Dystopian Novels Gather Attention

Dystopian novels, highlighting oppressive and broken societies, have been gaining popularity among young adults. Teenagers flock to bookstores and theaters to find the latest dystopian thrill. What is it about these dark novels that attract so many fans?

It may be puzzling to think that novels based on crumbling civilizations could gain so much popularity. Media specialist Sherry Weiss said, “Maybe teenagers want to escape from their own world into others where it is worse, or maybe they want to see other people’s problems, other world’s problems, and how they can be solved, so that when you go out into the future, you can plan on solving our world’s problems.”

For whatever reason, these novels are beloved. According to Scholastic, more than 50 million copies of “The Hunger Games” trilogy of novels are in print and digital formats in the United States alone. According to USA Today, over ten million copies of the “Divergent” trilogy were sold by January 2014. Other favorites include “The Maze Runner” and “The Giver.”

Some novels are trendy enough to be made into movies. For example, “The Hunger Games: Catching Fire” and “Divergent” skyrocketed to the top of the box office earlier this year. “The Giver” will not be released until August, but it is expected to be a hit, as many fans of Lois Lowry’s 1993 novel have long anticipated a movie. Many sequels, such as “Mockingjay: Part One” and “Insurgent,” are also in the works.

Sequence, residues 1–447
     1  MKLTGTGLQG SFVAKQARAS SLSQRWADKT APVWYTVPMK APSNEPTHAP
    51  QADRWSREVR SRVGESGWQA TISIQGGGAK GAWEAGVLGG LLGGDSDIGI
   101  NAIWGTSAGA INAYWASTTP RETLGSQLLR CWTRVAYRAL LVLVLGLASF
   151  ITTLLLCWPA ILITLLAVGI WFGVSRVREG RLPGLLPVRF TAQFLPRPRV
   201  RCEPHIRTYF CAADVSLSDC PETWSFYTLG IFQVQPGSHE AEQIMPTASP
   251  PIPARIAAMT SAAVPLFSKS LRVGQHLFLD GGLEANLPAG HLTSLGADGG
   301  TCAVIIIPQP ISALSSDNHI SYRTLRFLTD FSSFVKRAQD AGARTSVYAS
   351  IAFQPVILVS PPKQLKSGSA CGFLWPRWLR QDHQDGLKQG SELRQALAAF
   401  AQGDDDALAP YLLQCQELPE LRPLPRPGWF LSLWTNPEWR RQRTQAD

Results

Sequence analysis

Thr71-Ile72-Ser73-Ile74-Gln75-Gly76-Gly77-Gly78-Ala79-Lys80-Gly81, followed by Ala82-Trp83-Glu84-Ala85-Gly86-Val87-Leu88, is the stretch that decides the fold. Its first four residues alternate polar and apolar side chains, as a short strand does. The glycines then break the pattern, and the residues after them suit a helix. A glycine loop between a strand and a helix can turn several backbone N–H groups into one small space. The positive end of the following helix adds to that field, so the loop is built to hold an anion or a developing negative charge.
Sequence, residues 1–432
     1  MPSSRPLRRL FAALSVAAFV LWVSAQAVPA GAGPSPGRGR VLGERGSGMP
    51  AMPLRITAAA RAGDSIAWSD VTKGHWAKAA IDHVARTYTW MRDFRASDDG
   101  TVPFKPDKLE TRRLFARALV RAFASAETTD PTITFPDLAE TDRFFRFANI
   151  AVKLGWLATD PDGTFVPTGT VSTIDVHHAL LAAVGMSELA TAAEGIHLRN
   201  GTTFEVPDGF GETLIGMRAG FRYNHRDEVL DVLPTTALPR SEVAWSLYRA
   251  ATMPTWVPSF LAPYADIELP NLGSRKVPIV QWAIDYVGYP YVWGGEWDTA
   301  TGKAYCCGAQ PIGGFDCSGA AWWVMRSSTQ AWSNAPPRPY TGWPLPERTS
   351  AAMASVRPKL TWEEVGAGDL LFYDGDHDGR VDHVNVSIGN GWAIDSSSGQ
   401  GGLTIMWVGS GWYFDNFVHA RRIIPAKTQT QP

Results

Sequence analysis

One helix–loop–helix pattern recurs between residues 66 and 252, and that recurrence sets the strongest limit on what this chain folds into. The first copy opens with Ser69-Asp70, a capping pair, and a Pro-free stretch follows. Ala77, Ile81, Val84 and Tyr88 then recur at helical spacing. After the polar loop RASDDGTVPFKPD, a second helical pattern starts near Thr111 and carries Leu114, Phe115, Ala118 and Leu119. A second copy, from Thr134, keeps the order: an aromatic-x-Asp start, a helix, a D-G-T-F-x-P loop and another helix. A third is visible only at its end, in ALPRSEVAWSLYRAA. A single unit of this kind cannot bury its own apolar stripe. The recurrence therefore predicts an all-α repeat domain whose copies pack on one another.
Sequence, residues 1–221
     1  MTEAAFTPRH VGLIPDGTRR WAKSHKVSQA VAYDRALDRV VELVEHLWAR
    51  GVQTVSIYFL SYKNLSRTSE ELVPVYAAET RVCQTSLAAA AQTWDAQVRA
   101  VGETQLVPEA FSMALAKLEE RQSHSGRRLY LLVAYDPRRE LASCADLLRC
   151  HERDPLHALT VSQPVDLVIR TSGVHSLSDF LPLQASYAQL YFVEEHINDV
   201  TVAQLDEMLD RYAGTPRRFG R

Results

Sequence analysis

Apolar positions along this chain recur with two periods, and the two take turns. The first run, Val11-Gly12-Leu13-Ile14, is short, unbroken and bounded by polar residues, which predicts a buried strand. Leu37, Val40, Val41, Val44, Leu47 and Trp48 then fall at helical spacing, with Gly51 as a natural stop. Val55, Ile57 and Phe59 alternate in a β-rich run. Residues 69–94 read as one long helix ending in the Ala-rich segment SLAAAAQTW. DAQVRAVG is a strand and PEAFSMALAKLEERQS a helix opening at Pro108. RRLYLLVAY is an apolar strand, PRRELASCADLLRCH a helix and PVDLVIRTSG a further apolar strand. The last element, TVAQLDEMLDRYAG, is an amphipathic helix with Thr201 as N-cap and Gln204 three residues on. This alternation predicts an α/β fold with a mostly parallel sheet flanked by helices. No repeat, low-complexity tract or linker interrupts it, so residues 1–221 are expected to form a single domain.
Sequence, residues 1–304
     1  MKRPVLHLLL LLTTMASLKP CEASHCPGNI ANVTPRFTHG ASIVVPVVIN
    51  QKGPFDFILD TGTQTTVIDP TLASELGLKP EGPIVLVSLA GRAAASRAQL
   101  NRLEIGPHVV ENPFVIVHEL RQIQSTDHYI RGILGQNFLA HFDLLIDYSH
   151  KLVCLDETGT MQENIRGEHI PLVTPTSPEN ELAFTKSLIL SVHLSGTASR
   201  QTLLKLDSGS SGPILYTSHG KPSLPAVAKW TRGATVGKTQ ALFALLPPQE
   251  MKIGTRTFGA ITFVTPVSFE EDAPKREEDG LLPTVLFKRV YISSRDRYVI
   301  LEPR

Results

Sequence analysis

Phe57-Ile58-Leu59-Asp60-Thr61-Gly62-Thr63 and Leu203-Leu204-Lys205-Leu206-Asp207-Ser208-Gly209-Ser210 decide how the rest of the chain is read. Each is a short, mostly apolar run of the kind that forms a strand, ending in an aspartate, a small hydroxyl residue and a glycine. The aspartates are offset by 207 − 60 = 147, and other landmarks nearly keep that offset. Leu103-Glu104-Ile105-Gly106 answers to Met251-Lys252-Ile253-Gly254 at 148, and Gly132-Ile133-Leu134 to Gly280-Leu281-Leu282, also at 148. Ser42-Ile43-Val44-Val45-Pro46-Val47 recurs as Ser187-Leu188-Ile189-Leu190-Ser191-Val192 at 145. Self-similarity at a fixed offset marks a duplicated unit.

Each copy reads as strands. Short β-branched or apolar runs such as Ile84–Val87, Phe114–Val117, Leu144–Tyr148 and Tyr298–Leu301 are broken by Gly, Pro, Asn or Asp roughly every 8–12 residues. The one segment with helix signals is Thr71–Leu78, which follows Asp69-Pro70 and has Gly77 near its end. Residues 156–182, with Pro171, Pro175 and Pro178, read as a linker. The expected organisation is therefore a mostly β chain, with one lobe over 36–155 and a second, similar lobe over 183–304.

Undoubtedly, dystopian novels and movies are large parts of American culture. Junior Sophia Abdelkadir said, “I think more people watch the movies because there are commercials that broadcast the movies a�� With a book the only attractive [visual] you have is the cover.” However, Weiss said that publishers and authors put money into book trailers on YouTube to attract young adults.

Even though dystopian movies are very popular, many people still read the books. Some teenagers would rather read the dystopian book before watching the film adaption. As for those who do not enjoy reading, junior Anastasia Kaldis said, “I think if they see the movie, they will be interested in reading the book.”

Only time will tell if dystopian novels will continue to be as popular in the future as they are now. With publishers pressuring authors to write novels of this genre, and with the release dates of many dystopian movies arriving, it is clear that this craze will last a while longer.

However, Weiss believes the bigger question is if some of these current dystopian novels will become classics. She said, “I am not completely sold that they will, but you never know.”